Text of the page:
The good news is that “action time” is getting close. With high-profile backers in the legislature as well as the governor’s mansion, sports betting will be impossible to ignore. It just appears Massachusetts will go about it in its own time.
Mississippi lawmakers also like to go about legislation at deliberate pace. But it appears there’s will be much, much slower than Massachusetts – or most other states.
The Magnolia State likely won’t take up a mobile sports betting provision until 2022 or 2023, according to Thomas Shepherd III, a partner at Jones Walker LLP. Lawmakers punted on any legislation to permit mobile betting from outside casinos during the already concluded 2019 session and seem unlikely to do so either of the next two years.
Shepherd said lawmakers in Jackson seldom take up controversial legislation in election years, all-but ruling out what would likely be a contentious debate in the state house in 2020. With a new governor taking office in 2021, and a crop of rookie lawmakers still working through the ins and outs of the legislative process, mobile sports betting likely won’t come in that year either.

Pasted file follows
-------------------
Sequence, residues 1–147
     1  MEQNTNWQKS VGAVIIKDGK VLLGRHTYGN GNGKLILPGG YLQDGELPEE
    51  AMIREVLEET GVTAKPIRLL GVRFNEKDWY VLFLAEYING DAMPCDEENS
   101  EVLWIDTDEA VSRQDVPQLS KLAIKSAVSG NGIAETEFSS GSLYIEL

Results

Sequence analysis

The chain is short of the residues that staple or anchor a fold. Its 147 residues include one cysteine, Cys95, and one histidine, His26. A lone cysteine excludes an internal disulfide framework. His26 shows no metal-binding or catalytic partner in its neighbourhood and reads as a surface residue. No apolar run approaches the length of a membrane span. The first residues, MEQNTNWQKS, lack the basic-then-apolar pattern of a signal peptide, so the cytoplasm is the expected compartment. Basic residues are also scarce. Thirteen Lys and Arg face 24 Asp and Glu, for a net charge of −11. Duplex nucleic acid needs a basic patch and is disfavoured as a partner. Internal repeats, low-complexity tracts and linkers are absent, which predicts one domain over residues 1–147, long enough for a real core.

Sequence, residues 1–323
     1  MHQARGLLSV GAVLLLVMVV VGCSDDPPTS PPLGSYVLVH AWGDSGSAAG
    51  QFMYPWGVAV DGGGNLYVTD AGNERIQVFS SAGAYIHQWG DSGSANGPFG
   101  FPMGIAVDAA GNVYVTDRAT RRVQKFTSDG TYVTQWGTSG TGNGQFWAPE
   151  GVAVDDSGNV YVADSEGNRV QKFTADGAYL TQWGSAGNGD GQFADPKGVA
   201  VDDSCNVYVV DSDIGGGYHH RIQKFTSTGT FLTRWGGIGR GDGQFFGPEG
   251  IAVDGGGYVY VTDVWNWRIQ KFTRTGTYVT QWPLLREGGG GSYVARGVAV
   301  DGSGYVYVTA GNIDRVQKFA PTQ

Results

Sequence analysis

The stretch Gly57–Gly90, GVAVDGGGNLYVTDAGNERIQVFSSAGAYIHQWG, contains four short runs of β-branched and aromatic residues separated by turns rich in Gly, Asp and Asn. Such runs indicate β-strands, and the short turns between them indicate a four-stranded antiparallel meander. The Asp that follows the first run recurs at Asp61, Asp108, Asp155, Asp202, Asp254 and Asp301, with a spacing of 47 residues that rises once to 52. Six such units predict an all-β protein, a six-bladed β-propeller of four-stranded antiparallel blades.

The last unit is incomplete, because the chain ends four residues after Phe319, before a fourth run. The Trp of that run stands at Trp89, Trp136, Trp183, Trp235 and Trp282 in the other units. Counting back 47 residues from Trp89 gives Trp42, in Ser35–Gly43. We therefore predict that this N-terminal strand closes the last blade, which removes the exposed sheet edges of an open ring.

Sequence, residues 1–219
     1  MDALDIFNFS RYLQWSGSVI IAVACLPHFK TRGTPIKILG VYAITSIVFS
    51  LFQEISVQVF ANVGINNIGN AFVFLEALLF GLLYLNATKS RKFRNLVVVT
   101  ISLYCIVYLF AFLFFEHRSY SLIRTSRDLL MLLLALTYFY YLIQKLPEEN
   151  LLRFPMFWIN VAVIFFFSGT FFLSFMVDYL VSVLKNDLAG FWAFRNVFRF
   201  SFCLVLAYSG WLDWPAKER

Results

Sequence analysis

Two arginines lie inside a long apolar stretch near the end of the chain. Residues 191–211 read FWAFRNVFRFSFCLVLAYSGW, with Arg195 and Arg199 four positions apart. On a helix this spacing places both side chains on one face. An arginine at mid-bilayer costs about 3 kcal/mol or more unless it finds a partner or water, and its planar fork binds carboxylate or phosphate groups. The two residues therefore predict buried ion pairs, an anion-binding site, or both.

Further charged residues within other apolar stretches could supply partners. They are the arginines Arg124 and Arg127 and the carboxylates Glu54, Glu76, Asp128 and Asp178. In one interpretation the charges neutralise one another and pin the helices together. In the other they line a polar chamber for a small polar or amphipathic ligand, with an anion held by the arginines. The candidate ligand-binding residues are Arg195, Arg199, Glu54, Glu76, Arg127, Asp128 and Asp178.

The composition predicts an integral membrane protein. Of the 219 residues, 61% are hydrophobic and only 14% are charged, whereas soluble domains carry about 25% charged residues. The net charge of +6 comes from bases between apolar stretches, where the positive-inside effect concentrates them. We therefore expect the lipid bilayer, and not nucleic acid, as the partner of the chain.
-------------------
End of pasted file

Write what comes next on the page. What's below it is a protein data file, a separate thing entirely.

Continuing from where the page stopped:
Movements in Louisiana, Tennessee and Arkansas could shake Mississippi from its cycle, but officials are still not expecting mobile betting any time soon. Mississippi was one of the first states to approve legal wagering, but did so as corollary to a daily fantasy bill and when a federal ban superseded it from coming into fruition.
Mississippi gained legal sports betting more quickly than any lawmakers would have anticipated when the Supreme Court unexpectedly heard a legal challenge to the federal sports betting ban and then found it unconstitutional: sports betting came as part of an unforeseen set of circumstances, not some proactive legislative maneuvers.
4:25 p.m., April 25 – Ryan Butler